Amanda Vinicky

217-206-6019

Amanda Vinicky has covered Illinois politics and government for WUIS and the Illinois Public Radio network since 2006.  Highlights include reporting on the historic impeachment and removal from office of former Gov. Rod Blagojevich, winning a national award for her coverage of Illinois' electric rate fight as a result of deregulation, and following Illinois' delegations to the Democratic and Republican national political conventions in '08 and '12.  

Though she's full-time with WUIS now, she previously interned with the station in graduate school; she graduated from the University of Illinois Springfield's Public Affairs Reporting program in '05.  She also holds degrees in journalism and political science from the University of Illinois Urbana Champaign. 

Amanda is insatiably curious, so please reach out to her and get in touch if you notice something interesting going on at the Capitol! She can be reached at (217) 206-6019 or (773) 217-0316. If she's not in the statehouse bureau, you can usually find Amanda tweeting, dining at a local restaurant, taking a jog around Springfield or Chicago or practicing yoga. 

Amanda Vinicky

Just over 50 top state officials came together Wednesday afternoon for their first cabinet meeting with new Illinois Gov. Bruce Rauner. Journalists were invited to hear the Republican chief executive's opening remarks.

Rauner's Cabinet gathered in one of the capitol's largest, and nicest, committee rooms; members milled about, making small talk and introductions.

Some were recently appointed by the governor and are new to Illinois government; others are holdovers from former Gov. Pat Quinn's administration.

Illinois' new governor has his first opportunity to determine the fate of legislation. Gov. Bruce Rauner's decision could affect how much you're paying for electricity.

During his inauguration speech, Illinois House Speaker Michael Madigan announced a new mission -- figuring out what Illinois can do to prevent violence, like mass shootings at schools. A bipartisan task force formed to study the issue will meet for the first time today in Chicago.

Look back at the shootings at Sandy Hook Elementary School, Columbine, Northern Illinois University, and Rep. Greg Harris says you'll see commonalities. Like missed opportunities to help the killers with mental health issues that had been detected, but weren't properly treated.

Gov. Bruce Rauner's prescription for Illinois’ finances will finally be made known on Wednesday, when he gives his budget address. Legislators, state employees and social service agencies will no doubt pay close attention to what Rauner has to say. But after another big speech earlier this month made many go "gee," observers will also be listening for how he says it.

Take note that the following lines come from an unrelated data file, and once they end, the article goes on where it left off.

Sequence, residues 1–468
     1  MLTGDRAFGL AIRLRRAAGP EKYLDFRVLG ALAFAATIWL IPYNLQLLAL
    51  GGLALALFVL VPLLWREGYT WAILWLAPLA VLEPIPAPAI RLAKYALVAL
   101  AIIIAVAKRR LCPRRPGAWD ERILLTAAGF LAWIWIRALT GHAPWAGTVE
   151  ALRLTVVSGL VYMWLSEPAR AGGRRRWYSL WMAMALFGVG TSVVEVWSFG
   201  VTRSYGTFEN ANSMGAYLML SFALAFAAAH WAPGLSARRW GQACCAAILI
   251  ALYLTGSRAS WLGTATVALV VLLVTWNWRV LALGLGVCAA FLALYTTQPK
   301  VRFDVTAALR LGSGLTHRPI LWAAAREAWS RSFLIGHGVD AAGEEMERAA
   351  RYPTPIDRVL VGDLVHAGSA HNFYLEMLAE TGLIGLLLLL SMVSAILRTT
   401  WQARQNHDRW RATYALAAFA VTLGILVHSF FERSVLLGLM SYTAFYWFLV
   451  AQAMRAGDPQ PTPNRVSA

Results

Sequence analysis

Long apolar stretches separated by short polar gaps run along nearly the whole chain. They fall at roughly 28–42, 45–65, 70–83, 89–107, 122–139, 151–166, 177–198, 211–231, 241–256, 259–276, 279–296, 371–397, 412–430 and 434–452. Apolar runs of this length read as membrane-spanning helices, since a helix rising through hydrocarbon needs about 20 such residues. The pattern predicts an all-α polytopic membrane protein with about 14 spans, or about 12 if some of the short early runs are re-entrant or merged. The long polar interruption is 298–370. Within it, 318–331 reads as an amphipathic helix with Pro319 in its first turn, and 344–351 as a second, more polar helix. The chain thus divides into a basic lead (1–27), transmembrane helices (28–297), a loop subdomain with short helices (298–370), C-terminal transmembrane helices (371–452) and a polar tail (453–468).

Thirty-eight days into his term as Illinois' governor, Bruce Rauner yesterday delivered his much-anticipated budget address. Amanda Vinicky recaps the financial reckoning.

Just how Republican Gov. Bruce Rauner plans to deal with Illinois' budget and its deficit largely remains a mystery. Rauner is set to finally unveil his ideas Wednesday, when he gives his budget address. However, the legislature's leaders got a preview the day before.

House Speaker Michael Madigan walked out the large, glass doors of the governor's antechamber, with this to say about his meeting with Rauner:

"The governor simply said that he's got some tough medicine to deliver."

Next week, Gov. Bruce Rauner will unveil his spending proposal. The non-partisan Civic Federation has some suggestions.

The Civic Federation’s Director, Laurence Msall, says Illinois’ budget isn’t just in bad shape; its condition is terrible ... and climbing out of it won’t be easy.

“These are not politically attractive answers. There are financial, reality-based suggestions on how the state can stabilize its finances,” he says.

twitter.com/BruceRauner

Next week, Governor Bruce Rauner will introduce a new spending plan for Illinois. But that’s supposed to focus on the next fiscal year; he also has to worry about the current budget.

State agencies are supposed to be running out of money at the end of the fiscal year, in June. Today, there’s no more money for a subsidized day care program or to pay prison guards. The budget lawmakers passed last spring–when Rauner was still a candidate–was intentionally incomplete.

WUIS

Funding for everything from state-subsidized daycare to court reporters' salaries is running out in Illinois. At the same time, Republican Gov. Bruce Rauner signed on a top aide for a contract worth $30,000 per month.

Donna Arduin may not be a household name in Illinois yet, but as Rauner's Chief Financial Officer, she may become one.

Arduin has been contracted to "provide advice to the governor" on how to deal with Illinois' pending fiscal challenges. For that, she -- or more specifically, her consulting firm -- will be paid $120,000 for four months of work.

State employees can rest assured-- Gov. Bruce Rauner does not want to cut their salaries. But a memo sent to state legislators Monday warns of other changes the governor would like to see.

Shortly after becoming governor, Rauner tried to spread goodwill, reaching out to workers with visits to state offices.

"I want to make Illinois a wonderful place to work for everyone here. I want good, fair compensation."

Then came a series of speeches, previewing his State of the State address on Wednesday, in which he says Illinois' payroll is bloated.

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